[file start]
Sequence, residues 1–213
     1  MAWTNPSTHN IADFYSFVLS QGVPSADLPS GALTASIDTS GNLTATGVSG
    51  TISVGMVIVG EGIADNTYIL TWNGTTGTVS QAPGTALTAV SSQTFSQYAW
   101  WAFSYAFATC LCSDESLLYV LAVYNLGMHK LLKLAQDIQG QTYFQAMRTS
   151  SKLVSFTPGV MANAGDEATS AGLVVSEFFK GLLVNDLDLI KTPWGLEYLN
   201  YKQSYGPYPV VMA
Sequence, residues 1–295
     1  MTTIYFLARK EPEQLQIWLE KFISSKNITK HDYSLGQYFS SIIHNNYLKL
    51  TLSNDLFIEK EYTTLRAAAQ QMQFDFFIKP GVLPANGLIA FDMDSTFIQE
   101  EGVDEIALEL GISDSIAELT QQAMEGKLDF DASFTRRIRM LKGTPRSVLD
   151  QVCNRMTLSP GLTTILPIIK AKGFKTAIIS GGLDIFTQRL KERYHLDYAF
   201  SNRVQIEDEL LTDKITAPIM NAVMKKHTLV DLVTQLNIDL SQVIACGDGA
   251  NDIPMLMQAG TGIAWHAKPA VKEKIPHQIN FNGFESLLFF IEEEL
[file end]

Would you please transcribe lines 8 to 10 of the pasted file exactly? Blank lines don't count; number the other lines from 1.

     1  MTTIYFLARK EPEQLQIWLE KFISSKNITK HDYSLGQYFS SIIHNNYLKL
    51  TLSNDLFIEK EYTTLRAAAQ QMQFDFFIKP GVLPANGLIA FDMDSTFIQE
   101  EGVDEIALEL GISDSIAELT QQAMEGKLDF DASFTRRIRM LKGTPRSVLD